Hiroshi Yoshida (Japanese, 1876-1950). Japanese shin-hang woodblock print titled "Approach to Agra No. 3" depicting a crowd moving towards Agra, a city on the banks of the Yamuna river in the Indian state of Uttar Pradesh, southeast of the capital New Delhi, 1932. The Taj Mahal in the background shines brightly. Jizuri seal along the upper left margin. Pencil signed along the lower right; titled along the lower left; marked with Yoshida's seal in plate along the lower left; further inscribed in Japanese along the left margin. The jizuri "self-printed" seal indicates that the printing process was directly supervised by him and that he played an active role in the creation of this print. These seals were typically reserved for only the highest quality impressions as decided by Yoshida.
One of the leading figures in the Japanese Shin-hanga movement, Hiroshi Yoshida was born in Fukuoka in 1876. In 1893, he moved to Kyoto and studied yoga and nihonga styles of painting and watercolors. It came only in middle age he started collaborating with the shin-hanga publisher Watanabe Shozaburo. Despite his late debut as a shin-hanga printmaker, he successfully put himself on the map as the greatest artist of the shin-hanga style and is especially noted for his excellent landscape prints. His prints are highly recognized in both Japan and overseas.Height: 11 in x width: 15 3/4 in.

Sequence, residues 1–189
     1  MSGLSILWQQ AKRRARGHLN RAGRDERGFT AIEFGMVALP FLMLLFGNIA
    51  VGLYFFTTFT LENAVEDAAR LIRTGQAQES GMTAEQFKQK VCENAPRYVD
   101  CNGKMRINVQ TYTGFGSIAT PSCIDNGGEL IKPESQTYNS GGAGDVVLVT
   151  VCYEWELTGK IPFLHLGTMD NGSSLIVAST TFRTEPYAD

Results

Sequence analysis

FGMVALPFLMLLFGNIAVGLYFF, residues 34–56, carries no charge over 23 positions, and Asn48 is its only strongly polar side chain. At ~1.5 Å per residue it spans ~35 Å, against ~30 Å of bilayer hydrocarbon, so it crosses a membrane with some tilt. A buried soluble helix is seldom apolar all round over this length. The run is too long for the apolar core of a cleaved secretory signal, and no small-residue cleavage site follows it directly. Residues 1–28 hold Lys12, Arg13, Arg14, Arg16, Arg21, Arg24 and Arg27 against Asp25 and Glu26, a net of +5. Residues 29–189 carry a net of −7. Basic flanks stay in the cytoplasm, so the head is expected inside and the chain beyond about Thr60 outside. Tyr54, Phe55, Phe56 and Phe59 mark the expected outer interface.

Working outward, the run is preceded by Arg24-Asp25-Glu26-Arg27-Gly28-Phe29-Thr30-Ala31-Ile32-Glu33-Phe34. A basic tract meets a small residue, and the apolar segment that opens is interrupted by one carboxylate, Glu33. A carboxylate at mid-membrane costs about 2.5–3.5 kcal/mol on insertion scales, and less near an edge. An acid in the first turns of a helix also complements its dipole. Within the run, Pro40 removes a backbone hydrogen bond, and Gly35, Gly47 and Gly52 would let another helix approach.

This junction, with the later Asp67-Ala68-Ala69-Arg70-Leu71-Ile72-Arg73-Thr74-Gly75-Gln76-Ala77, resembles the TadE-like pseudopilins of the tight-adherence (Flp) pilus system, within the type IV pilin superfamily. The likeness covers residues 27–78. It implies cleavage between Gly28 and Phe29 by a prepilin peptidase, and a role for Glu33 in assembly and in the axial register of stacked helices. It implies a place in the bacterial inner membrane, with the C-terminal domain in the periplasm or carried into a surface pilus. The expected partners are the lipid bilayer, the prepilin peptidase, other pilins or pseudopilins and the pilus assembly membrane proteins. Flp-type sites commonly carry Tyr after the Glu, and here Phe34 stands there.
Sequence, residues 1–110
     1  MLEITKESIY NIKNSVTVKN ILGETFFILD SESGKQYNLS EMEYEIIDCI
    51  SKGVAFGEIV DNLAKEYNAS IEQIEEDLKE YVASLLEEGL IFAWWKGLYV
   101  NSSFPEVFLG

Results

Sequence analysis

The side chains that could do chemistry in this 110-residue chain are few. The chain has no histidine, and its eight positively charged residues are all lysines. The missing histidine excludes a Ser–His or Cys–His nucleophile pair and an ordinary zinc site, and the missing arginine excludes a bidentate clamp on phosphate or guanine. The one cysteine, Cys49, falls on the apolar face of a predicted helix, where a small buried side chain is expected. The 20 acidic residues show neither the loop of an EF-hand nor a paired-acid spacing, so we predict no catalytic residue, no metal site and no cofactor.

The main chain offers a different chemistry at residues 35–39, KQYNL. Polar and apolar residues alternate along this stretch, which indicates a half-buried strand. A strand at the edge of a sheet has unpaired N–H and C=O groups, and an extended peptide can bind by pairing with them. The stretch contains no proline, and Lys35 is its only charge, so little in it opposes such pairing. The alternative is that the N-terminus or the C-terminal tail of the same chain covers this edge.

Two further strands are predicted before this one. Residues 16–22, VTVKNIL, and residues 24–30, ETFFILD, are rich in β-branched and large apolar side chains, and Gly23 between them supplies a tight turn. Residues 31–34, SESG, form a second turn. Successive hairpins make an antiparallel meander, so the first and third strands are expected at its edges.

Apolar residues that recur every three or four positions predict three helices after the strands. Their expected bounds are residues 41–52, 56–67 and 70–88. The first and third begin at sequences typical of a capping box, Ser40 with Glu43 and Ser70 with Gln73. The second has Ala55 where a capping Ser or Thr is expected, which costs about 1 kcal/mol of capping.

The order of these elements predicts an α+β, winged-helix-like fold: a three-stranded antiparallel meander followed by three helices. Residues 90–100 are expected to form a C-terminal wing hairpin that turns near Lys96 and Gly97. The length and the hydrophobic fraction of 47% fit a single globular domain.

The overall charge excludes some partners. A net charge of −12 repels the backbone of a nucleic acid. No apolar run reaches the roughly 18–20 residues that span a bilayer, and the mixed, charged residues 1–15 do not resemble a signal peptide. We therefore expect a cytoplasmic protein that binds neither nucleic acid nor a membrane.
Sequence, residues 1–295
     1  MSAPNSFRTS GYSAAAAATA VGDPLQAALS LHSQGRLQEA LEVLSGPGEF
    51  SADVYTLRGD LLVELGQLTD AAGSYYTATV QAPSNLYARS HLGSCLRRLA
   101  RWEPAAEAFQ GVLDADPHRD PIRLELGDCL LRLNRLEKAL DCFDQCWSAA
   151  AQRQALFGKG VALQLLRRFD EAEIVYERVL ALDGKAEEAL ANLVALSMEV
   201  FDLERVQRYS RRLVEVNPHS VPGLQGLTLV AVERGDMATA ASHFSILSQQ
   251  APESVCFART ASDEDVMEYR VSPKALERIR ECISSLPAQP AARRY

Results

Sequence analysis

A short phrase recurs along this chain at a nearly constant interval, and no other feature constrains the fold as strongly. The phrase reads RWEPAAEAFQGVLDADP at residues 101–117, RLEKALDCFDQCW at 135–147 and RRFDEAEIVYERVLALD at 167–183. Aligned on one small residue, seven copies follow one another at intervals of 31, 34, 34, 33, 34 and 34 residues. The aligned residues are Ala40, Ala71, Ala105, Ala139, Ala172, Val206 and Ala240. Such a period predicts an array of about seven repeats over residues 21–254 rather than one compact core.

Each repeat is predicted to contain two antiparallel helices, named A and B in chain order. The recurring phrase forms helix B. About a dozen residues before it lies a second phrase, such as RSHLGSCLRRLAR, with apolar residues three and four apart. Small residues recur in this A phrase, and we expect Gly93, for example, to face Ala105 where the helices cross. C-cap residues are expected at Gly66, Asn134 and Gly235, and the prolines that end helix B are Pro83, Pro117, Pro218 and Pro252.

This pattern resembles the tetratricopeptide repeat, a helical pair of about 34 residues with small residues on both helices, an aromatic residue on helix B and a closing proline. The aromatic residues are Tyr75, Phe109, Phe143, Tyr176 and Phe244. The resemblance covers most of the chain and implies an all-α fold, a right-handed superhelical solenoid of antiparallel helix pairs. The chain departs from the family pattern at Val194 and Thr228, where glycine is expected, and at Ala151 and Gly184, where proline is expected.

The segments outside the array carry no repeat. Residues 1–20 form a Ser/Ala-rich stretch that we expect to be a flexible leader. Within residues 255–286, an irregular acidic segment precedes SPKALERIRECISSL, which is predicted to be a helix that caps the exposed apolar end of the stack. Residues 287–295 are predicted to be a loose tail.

No visible tears, losses, or signs of restoration under UV light. The sheet is toned and has very light wear along the upper and right margins, original to the artistic practice. The color is bold and bright. Very light creases along the margins, which do not affect the center image. Along the verso, the paper is toned and has a light foxing began to form to the center of the sheet.
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